The problem is that, following the period of downturn in 2015–2016, the CO2 emissions began rising concurrently with the 2017–2018 growth of global economy and energy consumption. Last year, emissions produced by G20 countries rose by 2.2%; this year’s growth stands at 1.7%. In 2018, carbon emissions increased for the first time in three years in the OECD countries that are most often associated with efforts to reduce emissions.
The IEA reports that coal now dominates the energy generation mix, accounting for 38% of total power output in 2018 (26,700 TWh). The annual growth in power generation at coal-fired power plants reached 258 TWh (out of 900 TWh across all energy sources). “The highest increase in coal power generation took place in China, followed by India,” the IEA statement says. “Still, generation from coal- and gas-fired power plants also rose considerably to meet higher electricity demand, driving up CO2 emissions from the sector by 2.5%. Emissions from power generation reached nearly 13 Gt, or 38% of total energy-related CO2 emissions last year,” the IEA notes.
The share of gas-fired generation amounted to 23% of the global consumption. In 2018, the G20’s gas consumption grew by 4.8% against the previous year, showing the highest growth rate over the past decade. According to Enerdata, the gas demand was 2,732 billion cub m in 2017 and reached 2,860 billion cub m 2018, with the USA accounting for 80 billion cub m. Both Enerdata and the IEA rank the United States among the major CO2 emitting countries. “The United States alone grew by more than 70 Mtoe (more than 1% of OECD’s TPES): natural gas represented more than two thirds of such growth, mostly driven by power generation and residential consumption,” the IEA report states.
The link between growing gas consumption and higher emissions is not a local phenomenon but an overall trend which has emerged because “low-carbon energy sources did not keep pace with gas growth, resulting in a 0.5% increase in energy-related carbon dioxide emissions”. Enerdata concludes sadly: “Global economy has not yet started to cut its CO2 emission.”
According to the IEA, nuclear and renewable power plants should become the main sources of clean energy. “While renewables are expected to continue to lead, nuclear power can also play an important part along with fossil fuels using carbon capture, utilization and storage. Countries envisaging a future role for nuclear account for the bulk of global energy demand and CO2 emissions,” says the IEA’s report Nuclear Power in a Clean Energy System. In 2018, nuclear made up only 10% of total energy output, while solar and wind accounted for 7%. However, a positive sign is that renewable and nuclear energy generation had showed the fastest growth in 2018 – 449 TWh (+7%) and or 87 TWh (+3.3%) respectively.
“If we are to be serious about climate change we should also be serious about the solutions. Transitioning to a low-carbon economy that meets the energy needs of the global community presents a daunting task. But it is a challenge that must be met, and one that can only be met by using the full potential of nuclear energy,” the World Nuclear Association says confidently.
Small and Autonomous
Stand-alone power systems, which Exelon identified as a trend, are most commonly associated with renewable energy sources (particularly, the report takes rooftop photovoltaic systems as an illustration). Nevertheless, small modular reactors (SMR) are also capable of supplying clean off-grid energy and thus replacing diesel generators.
Although these facilities are not meant to be installed in each household, they can provide heat and electricity to remote settlements with medium power demand where connection to power grids, never mind heating networks, would take too much time and money.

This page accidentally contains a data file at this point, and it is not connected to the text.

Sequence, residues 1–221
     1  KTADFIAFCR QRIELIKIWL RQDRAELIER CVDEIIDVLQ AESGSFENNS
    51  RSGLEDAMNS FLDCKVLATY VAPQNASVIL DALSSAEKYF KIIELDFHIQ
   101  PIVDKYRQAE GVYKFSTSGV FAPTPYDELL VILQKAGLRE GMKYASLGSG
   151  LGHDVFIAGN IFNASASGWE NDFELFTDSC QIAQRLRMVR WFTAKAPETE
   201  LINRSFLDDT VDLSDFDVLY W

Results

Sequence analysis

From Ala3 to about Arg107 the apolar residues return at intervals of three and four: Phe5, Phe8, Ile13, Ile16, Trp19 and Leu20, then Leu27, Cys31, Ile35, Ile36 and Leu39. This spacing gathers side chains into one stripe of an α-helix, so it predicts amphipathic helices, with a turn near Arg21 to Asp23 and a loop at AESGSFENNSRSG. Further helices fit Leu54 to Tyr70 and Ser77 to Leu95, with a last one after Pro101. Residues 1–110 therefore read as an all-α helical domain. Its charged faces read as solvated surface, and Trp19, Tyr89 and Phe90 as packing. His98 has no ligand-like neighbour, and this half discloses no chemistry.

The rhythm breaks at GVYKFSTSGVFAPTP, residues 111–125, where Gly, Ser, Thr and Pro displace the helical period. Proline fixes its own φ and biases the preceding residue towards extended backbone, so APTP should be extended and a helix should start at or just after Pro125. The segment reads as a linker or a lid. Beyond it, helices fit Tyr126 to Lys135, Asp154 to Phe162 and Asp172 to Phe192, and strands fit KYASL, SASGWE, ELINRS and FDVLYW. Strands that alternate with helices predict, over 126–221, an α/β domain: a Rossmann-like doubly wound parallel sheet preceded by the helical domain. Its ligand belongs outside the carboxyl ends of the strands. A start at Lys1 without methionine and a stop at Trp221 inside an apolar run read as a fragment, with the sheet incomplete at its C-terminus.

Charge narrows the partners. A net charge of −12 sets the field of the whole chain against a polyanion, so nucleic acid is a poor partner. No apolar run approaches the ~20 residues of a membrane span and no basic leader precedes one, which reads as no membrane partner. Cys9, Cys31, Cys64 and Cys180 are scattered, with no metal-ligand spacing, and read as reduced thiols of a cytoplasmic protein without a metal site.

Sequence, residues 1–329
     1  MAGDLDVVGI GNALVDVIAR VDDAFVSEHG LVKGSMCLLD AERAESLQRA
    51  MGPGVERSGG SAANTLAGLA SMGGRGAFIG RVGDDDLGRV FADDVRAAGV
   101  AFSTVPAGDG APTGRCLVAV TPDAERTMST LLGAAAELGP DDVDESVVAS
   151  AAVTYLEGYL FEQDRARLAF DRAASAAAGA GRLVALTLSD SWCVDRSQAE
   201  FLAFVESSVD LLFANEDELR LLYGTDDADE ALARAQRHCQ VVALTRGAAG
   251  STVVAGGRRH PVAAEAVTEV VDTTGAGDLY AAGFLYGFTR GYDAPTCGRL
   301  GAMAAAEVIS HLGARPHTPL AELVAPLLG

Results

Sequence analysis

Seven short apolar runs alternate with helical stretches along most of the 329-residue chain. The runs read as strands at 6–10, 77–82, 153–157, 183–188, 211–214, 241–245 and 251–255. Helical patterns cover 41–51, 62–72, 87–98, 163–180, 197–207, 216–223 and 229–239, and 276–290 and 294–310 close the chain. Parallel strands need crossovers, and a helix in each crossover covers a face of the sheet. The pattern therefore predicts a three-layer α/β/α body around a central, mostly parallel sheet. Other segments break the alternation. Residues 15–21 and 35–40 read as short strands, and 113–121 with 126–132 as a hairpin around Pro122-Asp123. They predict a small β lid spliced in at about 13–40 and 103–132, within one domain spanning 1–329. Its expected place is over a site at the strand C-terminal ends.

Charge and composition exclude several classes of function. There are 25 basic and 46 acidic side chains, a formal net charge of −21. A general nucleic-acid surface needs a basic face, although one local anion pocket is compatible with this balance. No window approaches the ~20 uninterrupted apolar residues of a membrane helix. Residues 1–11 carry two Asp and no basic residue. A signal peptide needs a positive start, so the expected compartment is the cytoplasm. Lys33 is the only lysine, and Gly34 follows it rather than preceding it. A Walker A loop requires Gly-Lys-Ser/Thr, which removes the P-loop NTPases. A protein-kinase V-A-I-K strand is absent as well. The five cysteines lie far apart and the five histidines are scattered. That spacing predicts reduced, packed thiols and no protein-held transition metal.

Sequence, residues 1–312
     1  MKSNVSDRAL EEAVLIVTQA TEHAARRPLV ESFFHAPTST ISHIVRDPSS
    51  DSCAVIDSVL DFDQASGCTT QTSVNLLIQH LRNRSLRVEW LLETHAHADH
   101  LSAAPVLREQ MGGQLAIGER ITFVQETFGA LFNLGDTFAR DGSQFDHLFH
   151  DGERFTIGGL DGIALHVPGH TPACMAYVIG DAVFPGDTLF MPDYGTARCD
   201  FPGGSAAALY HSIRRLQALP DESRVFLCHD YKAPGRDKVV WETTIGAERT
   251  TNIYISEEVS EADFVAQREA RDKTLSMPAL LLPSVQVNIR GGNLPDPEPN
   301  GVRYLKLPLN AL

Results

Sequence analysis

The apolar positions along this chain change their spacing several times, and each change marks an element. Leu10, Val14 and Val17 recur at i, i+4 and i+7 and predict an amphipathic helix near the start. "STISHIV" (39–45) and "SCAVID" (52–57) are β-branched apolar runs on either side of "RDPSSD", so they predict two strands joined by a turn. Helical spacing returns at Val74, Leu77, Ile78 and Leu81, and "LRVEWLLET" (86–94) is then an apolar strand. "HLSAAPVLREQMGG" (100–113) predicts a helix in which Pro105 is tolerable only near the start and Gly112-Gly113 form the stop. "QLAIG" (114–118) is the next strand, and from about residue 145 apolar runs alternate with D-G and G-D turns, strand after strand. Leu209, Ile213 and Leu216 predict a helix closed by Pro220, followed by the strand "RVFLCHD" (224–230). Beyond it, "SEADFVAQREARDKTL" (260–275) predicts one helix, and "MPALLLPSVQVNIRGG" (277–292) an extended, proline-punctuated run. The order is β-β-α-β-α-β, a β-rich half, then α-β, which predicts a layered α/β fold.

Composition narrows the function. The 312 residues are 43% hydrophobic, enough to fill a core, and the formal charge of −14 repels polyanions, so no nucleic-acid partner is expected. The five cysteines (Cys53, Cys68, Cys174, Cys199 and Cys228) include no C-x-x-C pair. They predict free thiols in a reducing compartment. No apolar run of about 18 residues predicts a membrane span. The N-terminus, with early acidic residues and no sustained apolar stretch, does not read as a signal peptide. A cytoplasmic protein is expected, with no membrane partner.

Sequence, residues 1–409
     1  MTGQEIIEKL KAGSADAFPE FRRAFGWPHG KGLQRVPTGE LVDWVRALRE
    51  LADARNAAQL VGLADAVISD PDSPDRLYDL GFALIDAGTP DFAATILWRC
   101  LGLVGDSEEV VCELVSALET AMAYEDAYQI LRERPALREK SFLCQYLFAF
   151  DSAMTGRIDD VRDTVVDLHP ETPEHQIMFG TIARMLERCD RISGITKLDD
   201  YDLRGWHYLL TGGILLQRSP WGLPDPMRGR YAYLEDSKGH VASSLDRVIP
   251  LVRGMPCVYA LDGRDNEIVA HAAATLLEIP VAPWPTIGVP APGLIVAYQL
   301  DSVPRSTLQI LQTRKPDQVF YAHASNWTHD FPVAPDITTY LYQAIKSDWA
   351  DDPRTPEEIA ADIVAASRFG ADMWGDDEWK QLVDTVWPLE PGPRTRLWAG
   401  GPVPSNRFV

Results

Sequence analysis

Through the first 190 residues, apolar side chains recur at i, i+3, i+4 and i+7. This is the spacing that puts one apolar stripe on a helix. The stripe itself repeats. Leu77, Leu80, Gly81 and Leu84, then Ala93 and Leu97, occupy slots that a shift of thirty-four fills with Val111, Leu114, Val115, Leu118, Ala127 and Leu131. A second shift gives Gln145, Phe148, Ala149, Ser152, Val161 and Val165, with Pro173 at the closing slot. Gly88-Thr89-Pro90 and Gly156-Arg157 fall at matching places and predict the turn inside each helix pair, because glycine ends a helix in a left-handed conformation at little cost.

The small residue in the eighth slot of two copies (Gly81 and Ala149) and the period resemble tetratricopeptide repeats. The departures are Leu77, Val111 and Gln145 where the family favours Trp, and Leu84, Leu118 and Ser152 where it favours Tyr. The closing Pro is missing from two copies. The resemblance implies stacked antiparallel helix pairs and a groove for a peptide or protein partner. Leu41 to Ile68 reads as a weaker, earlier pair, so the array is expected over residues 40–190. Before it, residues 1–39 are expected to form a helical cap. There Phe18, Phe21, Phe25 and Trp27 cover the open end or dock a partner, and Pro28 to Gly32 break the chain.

SMRs have been under development in Rosatom for several decades. There are several reactor types in Rosatom’s portfolio that small capacity nuclear power plants (NPP) could possibly be equipped with, but the new generation water-pressured RITM-200 reactors are currently considered as the flagship technology. Six reactors of RITM-series have been successfully installed on the state-of-the-art icebreakers Arktika, Sibir and Ural.
The Akademik Lomonosov floating nuclear power plant boasts competitive advantages of renewable energy sources: it is mobile, flexible and autonomous, and allows for generating power on-site. The plant can be towed from one location to another and supply heat and power to a small settlement, town or a mid-size production facility. With the experience gained while constructing the floating nuclear power plant, the lead times of similar projects can be reduced to four years or less, enhancing their cost efficiency as well. Small modular reactors are also unique for their long service lives (several decades) and independence from the external environment.
Rosatom is now considering several locations for first of a kind SMR NPP siting: the Suroyam deposit in the Chelyabinsk Oblast, the Baim deposit in the Chukotka Autonomous Area, and several sites in the Republic of Sakha (Yakutia).
At the Eastern Economic Forum held in Vladivostok on September 4–6, Yakutia’s government signed an agreement with Rosatom on a site survey for building a small modular reactor. At the moment, Rosatom has three lines of business in SMR construction – on-shore reactors built by RAOS, floating power plants made by AEM (Atomenergomash, Rosatom power engineering company), and off-shore facilities developed by NIKIET.
The first Rosatom SMR NPP is expected to be constructed in Russia and be online already in 2027.
So far, the installation of SMRs has not become as routine as construction of wind or solar farms. It should kept in mind, however, that the development of renewable energy sources has come a long way, involving the acquisition of competences, financial support from government and international bodies, and active lobbying. If the SMR projects are delivered as consistently, this will help prove that these facilities can support the infrastructure of investment projects and improve the living conditions in the areas that need stable off-grid power supply.